5. How will my landscaping be protected?
You put in a lot of time and effort into that curbside appeal, and the last thing you want are mangled bushes and a damaged lawn after a roofing job. We’ve already gone over how contractors should protect your gutters, now let’s talk about landscaping.
Ask contractors specific questions about what equipment would be used to protect your landscaping, where they’ll store heavy equipment such as ladders, and where old shingles and refuse will go? Ask what the company will do if one of their employees damages a tree or a bush.
What you want to hear is that bushes, decks, and patios will be covered for protection as needed. Old shingles or roofing refuse will be either placed on a tarp then deposited in a dump truck or just straight into the container truck from the roof. And make sure your contractor brings a container dump truck for refuse material. You don’t want to end up hauling it all on your own.
6. What will you do if there’s bad weather during the job?
We’re in the Pacific Northwest, and rain is always on everyone’s minds. And when the rain comes, you want to make sure the interior of your home is protected from the wet weather.
Before you hire a roofing contractor, ask them what their plan is for bad weather. Make sure your contractor will cover the roof with some type of tarp or underlayment, not plastic sheeting, to keep the water from getting inside. We also never know how long the rain can last in Seattle, so ask the contractor what their plan is if the rain lasts for days or weeks. Will the company swing by from time to time to make sure the covering is still protecting your home? Will someone come by to secure the covering if a windstorm is approaching? Do they have a 24-hour emergency line? A homeowner should never be responsible for taking care of these on their own.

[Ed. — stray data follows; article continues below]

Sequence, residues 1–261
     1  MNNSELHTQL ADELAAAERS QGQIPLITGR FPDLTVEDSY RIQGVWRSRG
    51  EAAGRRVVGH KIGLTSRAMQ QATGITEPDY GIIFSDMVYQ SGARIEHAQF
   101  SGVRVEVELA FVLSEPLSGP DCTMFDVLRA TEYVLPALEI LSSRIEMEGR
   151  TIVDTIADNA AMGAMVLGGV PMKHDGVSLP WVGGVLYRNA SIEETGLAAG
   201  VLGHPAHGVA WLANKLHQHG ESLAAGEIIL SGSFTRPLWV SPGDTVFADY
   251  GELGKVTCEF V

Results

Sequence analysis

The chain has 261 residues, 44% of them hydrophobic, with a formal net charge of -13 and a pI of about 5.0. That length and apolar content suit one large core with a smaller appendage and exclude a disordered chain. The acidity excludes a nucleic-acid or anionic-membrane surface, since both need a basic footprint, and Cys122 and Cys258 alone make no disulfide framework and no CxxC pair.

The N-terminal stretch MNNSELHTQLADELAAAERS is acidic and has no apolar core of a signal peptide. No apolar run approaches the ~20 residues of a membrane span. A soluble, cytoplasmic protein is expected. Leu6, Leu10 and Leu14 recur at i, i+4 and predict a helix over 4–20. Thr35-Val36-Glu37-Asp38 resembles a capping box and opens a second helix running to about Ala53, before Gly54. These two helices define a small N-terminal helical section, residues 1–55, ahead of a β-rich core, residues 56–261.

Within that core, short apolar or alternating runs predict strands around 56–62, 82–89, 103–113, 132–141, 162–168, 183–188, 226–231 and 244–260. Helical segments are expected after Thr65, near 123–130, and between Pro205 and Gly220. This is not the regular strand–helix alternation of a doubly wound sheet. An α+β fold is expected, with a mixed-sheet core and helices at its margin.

Prior to choosing a material, you should understand the warranty because they vary greatly. While asphalt shingles can last up to 25 years, metal roofs can last well over 50 years. Also, make sure your contractor has experience installing your chosen roofing material. All manufactures will void a warranty if the material hasn’t been installed according to the manufacturer’s instructions.
8. Do you provide a written estimate?
The last question you need to ask your Seattle roofing contractor is whether they provide a written estimate. Before you sign a roofing contract, make sure the estimate encompasses all of the activities you’ll need, including the cost of removing the old roof, installation of the new roof, material for the new roof, and any other details such as plywood that needs to be replaced. You don’t want to be surprised that the cost you agreed to doesn’t include needed services.
Looking for a Seattle roofing contractor to take on a job requires a lot of research and interviewing. You’ll want to make sure both your property is taken care of but also that their own employees are taken care of. Because in the end, you never want to have the same roofing job done twice, costing you additional time and money. Give State Roofing a call at (360) 205-3100, and we’ll be more than happy to answer any of these questions for you.